I talked a lot about Senegalese Teranga. How welcoming and open and caring their culture is. Well as it turns out the Senegalese Teranga has been following me throughout my voyages. After the study abroad program I went to Europe and I am currently in a weird limbo position in the Sea/Tac airport waiting for my last short flight into Kalispell, MT. I’m so close to UPS I can smell it.
Way back when in August I decided that I wanted to travel to Europe after Senegal. I was going to spend Christmas time with my old exchange student sister and her family. Afterwards I was going to… bum around Europe. At first I was quite apprehensive when thinking about travelling Europe while still in Dakar. All the other students were thinking about peanut butter, bagels, waffles, and real yogurt and hugging their mom and dad while I had three more weeks to wait. After three and a half months Senegal had become my home. I had a comfort zone there. But as I pushed the thoughts of leaving far back in my mind the time crept up on my when I had to go. Leave one homey place but not go home like the rest of them. I was a little jealous. Although I have been mentally ready to go home for quite a while now, I am glad I didn’t. I’ve had a lot of long train rides to think and process without interference and I’ve had more than my fair share of fun.
I visited three countries on my whirlwind tour. First stop was Germany, a little village (willage as they say) called Konigsbach in SW Germany. My German sister was gracious, happy, and fun as always. She welcomed me into her family with a rose at the airport. She spent a lot of her time translating everything for me as “Ich spraken nicht Deutch”. The best part of my time with them was playing music again.
Guitar, bass, piano, ukulele, accordion, egg shaker, box drum I was once again in a musical house hold loud, crazy, and rambunctious. Christmas went on for two days. Singing carols, eating cookies, going to Christmas markets, and bestowing gifts (all of the gifts I gave seemed to be ‘Africa’ themed). After a beautiful day at the Heidleberg Schloß (not shlob as I learned but, schlass…) castle I left the grey, quaint, German villages and my new German family to meet up with my real family.
Well sort of, they are blood related. It just so happened that my mom’s cousin and his family with second cousin’s my age were travelling around Europe for the holidays and were staying in Barcelona for New Years. I invited myself right on over. I took my first RyanAir flight. Since my backpack was too big I stuffed my jacket pockets with 2.2kg of stuff and went through security looking like a burglar. Even though my plane went to a town called Girona (not actually Barcelona) I eventually got to the city center and there was my family peeping down from the metro stop. They had warned me that the apartment they had been renting was noisy but I had no idea it was in the hubbub of Barcelona. On my 5 minute walk to the apartment I saw a man on stilts, crazy face paints, stores of ridiculous clothes, jewelry, and lingerie. After two days of apartment life in Barcelona we up and moved to my second cousin’s old host family (from his high school days). This is where I was once again introduced to a family that took me in as one of their own. They shared their food (flounder, mushrooms, and pork! So much pork), their home (they gave me a key and the code for entry), and their Catalonian traditions (eating 12 grapes on the 12 dongs of the clock on New Years Eve).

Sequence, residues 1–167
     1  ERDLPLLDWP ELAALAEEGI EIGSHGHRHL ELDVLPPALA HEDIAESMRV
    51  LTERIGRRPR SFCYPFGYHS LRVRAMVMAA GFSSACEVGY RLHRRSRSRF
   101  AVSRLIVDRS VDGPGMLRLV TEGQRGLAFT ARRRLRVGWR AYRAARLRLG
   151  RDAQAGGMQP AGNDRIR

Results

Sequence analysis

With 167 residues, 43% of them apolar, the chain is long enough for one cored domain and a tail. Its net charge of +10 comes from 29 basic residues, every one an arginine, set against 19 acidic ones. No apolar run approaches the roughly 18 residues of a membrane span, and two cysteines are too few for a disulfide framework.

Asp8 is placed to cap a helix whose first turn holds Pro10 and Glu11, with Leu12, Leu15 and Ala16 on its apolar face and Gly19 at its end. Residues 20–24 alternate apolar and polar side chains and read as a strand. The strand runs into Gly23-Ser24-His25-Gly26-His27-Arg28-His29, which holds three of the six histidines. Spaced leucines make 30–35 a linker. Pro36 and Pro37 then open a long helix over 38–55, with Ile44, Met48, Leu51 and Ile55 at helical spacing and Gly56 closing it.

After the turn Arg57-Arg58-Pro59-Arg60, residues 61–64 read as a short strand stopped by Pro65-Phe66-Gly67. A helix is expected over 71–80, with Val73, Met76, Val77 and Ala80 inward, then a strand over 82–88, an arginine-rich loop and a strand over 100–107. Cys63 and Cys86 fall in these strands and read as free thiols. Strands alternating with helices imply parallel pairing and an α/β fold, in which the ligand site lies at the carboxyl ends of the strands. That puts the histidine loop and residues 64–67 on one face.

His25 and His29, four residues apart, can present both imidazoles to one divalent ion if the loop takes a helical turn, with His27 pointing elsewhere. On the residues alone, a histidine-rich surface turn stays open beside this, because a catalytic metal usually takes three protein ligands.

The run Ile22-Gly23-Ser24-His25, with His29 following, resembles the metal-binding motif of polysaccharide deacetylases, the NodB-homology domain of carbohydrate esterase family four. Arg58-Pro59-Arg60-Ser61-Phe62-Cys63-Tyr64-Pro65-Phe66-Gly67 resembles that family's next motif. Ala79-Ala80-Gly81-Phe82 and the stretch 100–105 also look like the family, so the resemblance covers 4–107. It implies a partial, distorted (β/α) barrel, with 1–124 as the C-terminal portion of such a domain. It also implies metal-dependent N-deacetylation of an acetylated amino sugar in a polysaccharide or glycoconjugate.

Finally I took a train to the South of France where I had set up a week long work away position. Workaway.com for those of you who are new to it as I was is like WOOFing. Both are organizations that exchange room and board for service usually on a farm but with workaway not always. This I found was an incredible way to travel. I lived in my own round straw-bale hut for 6 days. I lit a fire in the wood stove every night. I ate pumpkin and green salads, I rode my bike to go pick leeks, I helped keep the bees, painted a machine, pruned some trees, installed a window, and did various odd jobs for an off season farmer who has endless projects. I hiked up to a ridgeline that overlooked the Pyrenees mountains, I swung on a swing over a terraced garden and had a general blast.
My final journey home included one night stays in a number of places. First day I hitch hiked (easily done where I was) to Carcassonne from where I got a train back to Germany, plane to Paris, and now today. Seattle. I got out of the airport for my 9 hour layover and visited my dear brother who is finally going to school on the same coast as I am. In T-3.5 hours I will be hugging my parents once again!